Show simple item record

dc.contributor.authorMcKnight, Cliff
dc.contributor.authorDillon, Andrew
dc.contributor.authorShackel, Brian
dc.contributor.editorHarrison, Teresa M.en_US
dc.contributor.editorStephens, Timothyen_US
dc.date.accessioned2006-08-02T00:00:01Z
dc.date.available2010-06-18T23:20:31Z
dc.date.issued1996en_US
dc.date.submitted2006-08-02en_US
dc.identifier.citationThe Electronic journal and its implications for the digital library 1996, :351-368 Computer Networking and Scholarly Communication in the 21st Centuryen_US
dc.identifier.urihttp://hdl.handle.net/10150/105169
dc.description.abstractThis item is not the definitive copy. Please use the following citation when referencing this material: McKnight, C., Dillon, A. and Shackel, B. (1996) The electronic journal and its implications for the digital library. In T. Harrison and T. Stephens (eds.) Computer Networking and Scholarly Communication in the 21st Century. NY: SUNY Press, 351-368. 1. INTRODUCTION: It is now over ten years since the first electronic journal experiments (e.g., EIES, BLEND) and the intervening years have not seen researchers being idle in this field. Indeed, while experiments have continued apace in an attempt to answer various questions such as the appropriateness of particular interfaces, electronic journals have continued to appear. The third edition of the ARL list (Okerson, 1993) contains 45 electronic journals while the first edition, only two years earlier (Okerson, 1991), listed only 27. This might suggest reasonably rapid growth but in actual fact represents a high rate of turnover also -- 16 of the original 27 do not appear in the latest list. We therefore start this chapter from the assumption that electronic journals will continue to be a feature of the scholarly communication process, although not all will survive. Our second assumption arises from our experiences in the design, implementation and evaluation of information technology based systems in general, not just electronic journals. That is, we assume that in order to be acceptable, any system attempting to replace an existing technology must enable users to perform their necessary tasks in a way which is at least as easy as the existing system. The new system must offer at least as much (and preferably more) than the existing system, otherwise motivation to move from the old to the new is not high. In the present context, this means that the successful electronic journals will be those which not only support the scholarly communication process and all the other user requirements satisfied by paper based journals, but also support additional, enhanced facilities such as tailorable presentation formats, integrated interactive discussion about articles, flexible indexing and retrieval, hypertext linking and so forth.
dc.format.mimetypeapplication/pdfen_US
dc.language.isoenen_US
dc.publisherNew York: SUNY Press (SUNY Series in Computer-Mediated Communication)en_US
dc.subjectDigital Librariesen_US
dc.subjectCognitive Scienceen_US
dc.subjectScholarly Communicationen_US
dc.subjectPsychologyen_US
dc.subjectHuman Computer Interactionen_US
dc.subjectHypertext and Hypermediaen_US
dc.titleThe Electronic journal and its implications for the digital libraryen_US
dc.typeBook Chapteren_US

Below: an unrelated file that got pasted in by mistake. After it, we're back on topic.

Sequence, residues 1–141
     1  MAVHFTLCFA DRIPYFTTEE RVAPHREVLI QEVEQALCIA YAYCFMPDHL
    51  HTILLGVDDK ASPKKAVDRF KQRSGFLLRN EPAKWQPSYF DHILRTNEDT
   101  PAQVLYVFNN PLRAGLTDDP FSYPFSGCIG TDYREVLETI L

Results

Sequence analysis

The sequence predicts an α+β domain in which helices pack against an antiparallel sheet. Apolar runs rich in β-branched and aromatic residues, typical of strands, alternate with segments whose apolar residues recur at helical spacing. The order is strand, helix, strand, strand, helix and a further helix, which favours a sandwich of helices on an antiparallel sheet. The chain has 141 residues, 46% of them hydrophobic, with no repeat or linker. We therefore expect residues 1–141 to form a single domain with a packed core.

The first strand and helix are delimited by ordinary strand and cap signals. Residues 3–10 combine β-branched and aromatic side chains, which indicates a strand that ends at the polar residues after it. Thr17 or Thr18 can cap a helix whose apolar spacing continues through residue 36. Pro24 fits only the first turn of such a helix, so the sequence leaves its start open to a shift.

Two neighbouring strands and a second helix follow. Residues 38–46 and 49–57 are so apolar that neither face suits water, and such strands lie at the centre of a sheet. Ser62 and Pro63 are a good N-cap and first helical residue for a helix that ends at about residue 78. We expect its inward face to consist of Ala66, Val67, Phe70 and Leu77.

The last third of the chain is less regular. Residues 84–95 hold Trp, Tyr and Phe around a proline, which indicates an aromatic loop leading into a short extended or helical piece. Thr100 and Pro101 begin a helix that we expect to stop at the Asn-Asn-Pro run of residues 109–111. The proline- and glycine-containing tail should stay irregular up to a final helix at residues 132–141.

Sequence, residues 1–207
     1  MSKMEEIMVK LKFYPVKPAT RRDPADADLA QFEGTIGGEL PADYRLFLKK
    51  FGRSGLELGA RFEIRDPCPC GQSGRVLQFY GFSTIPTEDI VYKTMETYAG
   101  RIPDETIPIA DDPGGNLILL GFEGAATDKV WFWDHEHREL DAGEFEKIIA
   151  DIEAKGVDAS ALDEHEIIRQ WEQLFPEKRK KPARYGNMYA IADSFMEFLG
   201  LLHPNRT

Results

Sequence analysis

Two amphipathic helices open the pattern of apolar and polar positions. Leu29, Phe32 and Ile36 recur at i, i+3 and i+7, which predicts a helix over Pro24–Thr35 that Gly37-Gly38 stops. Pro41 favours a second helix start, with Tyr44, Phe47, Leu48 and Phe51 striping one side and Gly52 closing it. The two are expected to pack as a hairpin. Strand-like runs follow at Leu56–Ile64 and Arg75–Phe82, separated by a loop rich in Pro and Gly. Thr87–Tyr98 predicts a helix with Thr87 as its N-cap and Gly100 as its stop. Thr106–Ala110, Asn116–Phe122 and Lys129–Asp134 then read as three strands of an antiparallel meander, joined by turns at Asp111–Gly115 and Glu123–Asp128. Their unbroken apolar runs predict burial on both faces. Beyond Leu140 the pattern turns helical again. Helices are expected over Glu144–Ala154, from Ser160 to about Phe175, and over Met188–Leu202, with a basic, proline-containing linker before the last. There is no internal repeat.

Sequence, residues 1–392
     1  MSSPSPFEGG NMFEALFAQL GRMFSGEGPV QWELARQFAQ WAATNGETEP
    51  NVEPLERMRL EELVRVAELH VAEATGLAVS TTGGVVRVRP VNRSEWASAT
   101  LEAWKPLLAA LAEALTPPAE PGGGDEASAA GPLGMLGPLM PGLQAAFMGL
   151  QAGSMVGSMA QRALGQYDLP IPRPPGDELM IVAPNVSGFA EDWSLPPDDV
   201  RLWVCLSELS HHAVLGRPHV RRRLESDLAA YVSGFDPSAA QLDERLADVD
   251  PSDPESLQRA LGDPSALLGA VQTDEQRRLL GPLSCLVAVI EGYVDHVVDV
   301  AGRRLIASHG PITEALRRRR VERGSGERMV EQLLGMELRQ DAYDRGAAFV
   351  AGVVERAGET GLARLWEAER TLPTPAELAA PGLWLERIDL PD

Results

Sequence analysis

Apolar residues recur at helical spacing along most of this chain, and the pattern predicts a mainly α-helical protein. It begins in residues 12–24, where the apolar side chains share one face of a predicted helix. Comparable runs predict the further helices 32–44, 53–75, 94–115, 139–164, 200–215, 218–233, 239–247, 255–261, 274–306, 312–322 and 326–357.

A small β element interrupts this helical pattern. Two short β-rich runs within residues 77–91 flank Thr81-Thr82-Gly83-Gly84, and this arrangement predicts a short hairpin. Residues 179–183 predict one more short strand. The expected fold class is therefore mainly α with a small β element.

dc.identifier.journalComputer Networking and Scholarly Communication in the 21st Centuryen_US
refterms.dateFOA2018-08-18T01:56:15Z
html.description.abstractThis item is not the definitive copy. Please use the following citation when referencing this material: McKnight, C., Dillon, A. and Shackel, B. (1996) The electronic journal and its implications for the digital library. In T. Harrison and T. Stephens (eds.) Computer Networking and Scholarly Communication in the 21st Century. NY: SUNY Press, 351-368. 1. INTRODUCTION: It is now over ten years since the first electronic journal experiments (e.g., EIES, BLEND) and the intervening years have not seen researchers being idle in this field. Indeed, while experiments have continued apace in an attempt to answer various questions such as the appropriateness of particular interfaces, electronic journals have continued to appear. The third edition of the ARL list (Okerson, 1993) contains 45 electronic journals while the first edition, only two years earlier (Okerson, 1991), listed only 27. This might suggest reasonably rapid growth but in actual fact represents a high rate of turnover also -- 16 of the original 27 do not appear in the latest list. We therefore start this chapter from the assumption that electronic journals will continue to be a feature of the scholarly communication process, although not all will survive. Our second assumption arises from our experiences in the design, implementation and evaluation of information technology based systems in general, not just electronic journals. That is, we assume that in order to be acceptable, any system attempting to replace an existing technology must enable users to perform their necessary tasks in a way which is at least as easy as the existing system. The new system must offer at least as much (and preferably more) than the existing system, otherwise motivation to move from the old to the new is not high. In the present context, this means that the successful electronic journals will be those which not only support the scholarly communication process and all the other user requirements satisfied by paper based journals, but also support additional, enhanced facilities such as tailorable presentation formats, integrated interactive discussion about articles, flexible indexing and retrieval, hypertext linking and so forth.


Files in this item

Thumbnail
Name:
CmAdBs96.pdf
Size:
62.87Kb
Format:
PDF

This item appears in the following Collection(s)

Show simple item record